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The Ainu kotan near Lake Akan, an important center of indigenous tourism, in Kushiro, Hokkaido, Japan, in 2016. “Kotan” means “village” in the Ainu language. (Laura Liverani/Prospekt)

A tonkori player performs at the Porotokotan, Shiraoi Ainu Museum in Shiraoi, Hokkaido, Japan, in 2013. The tonkori is a traditional plucked string Ainu instrument. Ainu performers in traditional clothing play, dance and sing for visitors inside a reconstructed cise, traditional home, at the museum. (Laura Liverani/Prospekt/)

Japan is a nation that often presents itself as ethnically homogenous, but in fact it has an indigenous population called the Ainu. These hunter-gatherers worshiped nature and animals, spoke a language unrelated to any other, and had unusual customs like tattooing their lips.

Only nine years ago, the Ainu finally gained parliamentary recognition as a people with a “distinct language, religion and culture.” The resolution in 2008 was a small victory for this long-oppressed people, despite no statement of rights, no restitutions and no apology for centuries of discrimination. It began in the early 15th century, when Japanese settlers began pushing into Ainu land on the island known today as Hokkaido. Later, under the harsh policies of the Meiji Era, the Ainu were prohibited from speaking their language and forced to use Japanese names. They were barred from their hunting and fishing traditions.

Photographer Laura Liverani embarked on a project to document the Ainu people shortly after the passing of the resolution. Some recounted stories of modern-day discrimination. Others spoke of the lost beauty of the Saru River, a sacred site for the Ainu, on which the government constructed a dam in the 1990s. “It was quite painful to see a mass of concrete in the middle of such a beautiful landscape,” they said.

Today, Liverani said, a concerted effort is being made to preserve Ainu culture and language. And with the 2020 Olympics to be held in Japan, the government has plans for a facility centered on Ainu culture. Between these and other efforts in Hokkaido villages, perhaps a little life can be breathed into the land known as Ainu Mosir — “land of the human beings.”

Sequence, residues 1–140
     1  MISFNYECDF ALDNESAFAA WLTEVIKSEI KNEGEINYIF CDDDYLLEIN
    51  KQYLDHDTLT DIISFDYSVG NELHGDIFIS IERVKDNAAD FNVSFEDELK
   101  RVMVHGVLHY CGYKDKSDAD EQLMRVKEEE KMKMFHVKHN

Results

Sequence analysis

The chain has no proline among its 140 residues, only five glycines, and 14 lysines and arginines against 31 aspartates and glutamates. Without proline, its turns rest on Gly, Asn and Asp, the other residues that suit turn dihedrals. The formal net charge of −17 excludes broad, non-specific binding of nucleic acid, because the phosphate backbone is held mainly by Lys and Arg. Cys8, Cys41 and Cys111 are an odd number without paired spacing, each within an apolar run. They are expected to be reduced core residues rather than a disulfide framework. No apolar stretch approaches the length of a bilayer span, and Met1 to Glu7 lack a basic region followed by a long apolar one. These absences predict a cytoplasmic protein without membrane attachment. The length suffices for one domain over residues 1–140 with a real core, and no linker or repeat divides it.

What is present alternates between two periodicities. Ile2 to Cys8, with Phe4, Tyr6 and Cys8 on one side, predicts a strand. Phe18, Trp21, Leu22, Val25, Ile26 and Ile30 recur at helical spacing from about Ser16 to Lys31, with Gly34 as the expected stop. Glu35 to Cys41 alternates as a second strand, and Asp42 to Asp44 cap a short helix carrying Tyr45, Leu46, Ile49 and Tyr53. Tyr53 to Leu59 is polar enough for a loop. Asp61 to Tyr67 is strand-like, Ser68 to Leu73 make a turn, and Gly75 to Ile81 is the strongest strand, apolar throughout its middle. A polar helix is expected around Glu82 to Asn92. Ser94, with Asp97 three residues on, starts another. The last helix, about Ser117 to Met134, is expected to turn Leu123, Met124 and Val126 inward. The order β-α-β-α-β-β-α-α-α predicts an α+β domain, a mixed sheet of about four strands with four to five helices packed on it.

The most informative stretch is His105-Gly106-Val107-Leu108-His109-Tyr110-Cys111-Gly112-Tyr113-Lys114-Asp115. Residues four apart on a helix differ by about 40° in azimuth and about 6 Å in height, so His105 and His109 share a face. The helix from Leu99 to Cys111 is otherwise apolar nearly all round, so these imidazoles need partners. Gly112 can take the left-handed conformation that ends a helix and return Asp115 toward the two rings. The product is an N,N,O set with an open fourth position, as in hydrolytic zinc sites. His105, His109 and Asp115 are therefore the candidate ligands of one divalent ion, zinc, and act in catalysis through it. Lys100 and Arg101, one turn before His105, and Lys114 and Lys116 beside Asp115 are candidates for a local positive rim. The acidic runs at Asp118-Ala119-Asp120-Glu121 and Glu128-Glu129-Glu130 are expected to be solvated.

Old photographs and other memorabilia at the studio of Ainu artisan and former photographer Morio Senke in Akan Ainu Kotan, Kushiro, Hokkaido, Japan, in 2016. (Laura Liverani/Prospekt/)

Ainu elder Haruzo Urakawa in his home in Chiba prefecture, greater Tokyo, in 2012. Kamuy Mintara, meaning `Playground of Gods,’ is a cise, a traditional Ainu home, that Urakawa built by himself in the mountains outside of Tokyo. There, he lived as close as possible to the traditional Ainu lifestyle which, as a child in Hokkaido, he had learned from his father. Today Kamuy Mintara is closed. (Laura Liverani/Prospekt/)

Ryoko Suzusappno, a member of the Chitose Ainu Association, at Lake Shikotsu in Hokkaido, Japan, in 2016. Although the Ainu were forcibly assigned Japanese names by the Japanese government in the Meiji period, today some choose to use their Ainu family name to reclaim their identity. Ryoko uses her ancestors’ last name. (Laura Liverani/Prospekt/)

A view from the model Ainu tourist village inside Noboribetsu Bear Park in Noboribetsu, Hokkaido, Japan, in 2016. (Laura Liverani/Prospekt/)

A deer skull in a mountain forest in Biratori, Hokkaido, Japan, in 2015. (Laura Liverani/Prospekt/)

Monbetsu, a professional deer and bear hunter, is photographed outside his home with his hunting trophies in Biratori, Hokkaido, Japan, in 2015. Hunting is a tradition still widely practiced among the Ainu. (Laura Liverani/Prospekt/)

Maya, a high school student, stands in her fishing gear in the river near her family home during summer vacation in Biratori, Hokkaido, Japan, in 2016. (Laura Liverani/Prospekt/)

A haul from the river on a butterbur plant leaf, which is used to lay the fish out before gutting in Biratori, Hokkaido, Japan, in 2016. According to Ainu folklore, under butterbur leafs live the Koropokkuru, or “little people,” small humanlike creatures skilled at fishing. (Laura Liverani/Prospekt/)

Two Ainu sisters demonstrate karate at home in Nibutani, Hokkaido, Japan, in 2015. They study martial arts in the village cultural center where they also study Ainu language. (Laura Liverani/Prospekt/)

Maya, 15, is in her school uniform at her grandmother’s Attush weaving workshop in Nibutani, Hokkaido, Japan, in 2014. Maya was born to an Ainu mother and a Japanese father. (Laura Liverani/Prospekt/)

Hibiki is a cultural employee at the Ainu Museum in Shiraoi, Hokkaido, Japan. He was brought up as an Ainu by his adoptive mother in a community shelter in the village of Nibutani. He is pictured at home, in 2015, wearing his Ainu traditional robe. (Laura Liverani/Prospekt/)

Oki Kano is an Ainu musician and founder of Oki Dub Ainu Band in Nemuro, Hokkaido, Japan. Here he is pictured holding his Tonkori and wearing an owl costume in the backstage of a television recording studio, in 2015. The costume was designed for his participation in a popular Japanese TV children show. The owl is one of the numerous animal gods in Ainu religion. (Laura Liverani/Prospekt)

A pole structure said to represent an Ainu warrior in Nibutani, Hokkaido, Japan, in 2015. (Laura Liverani/Prospekt)

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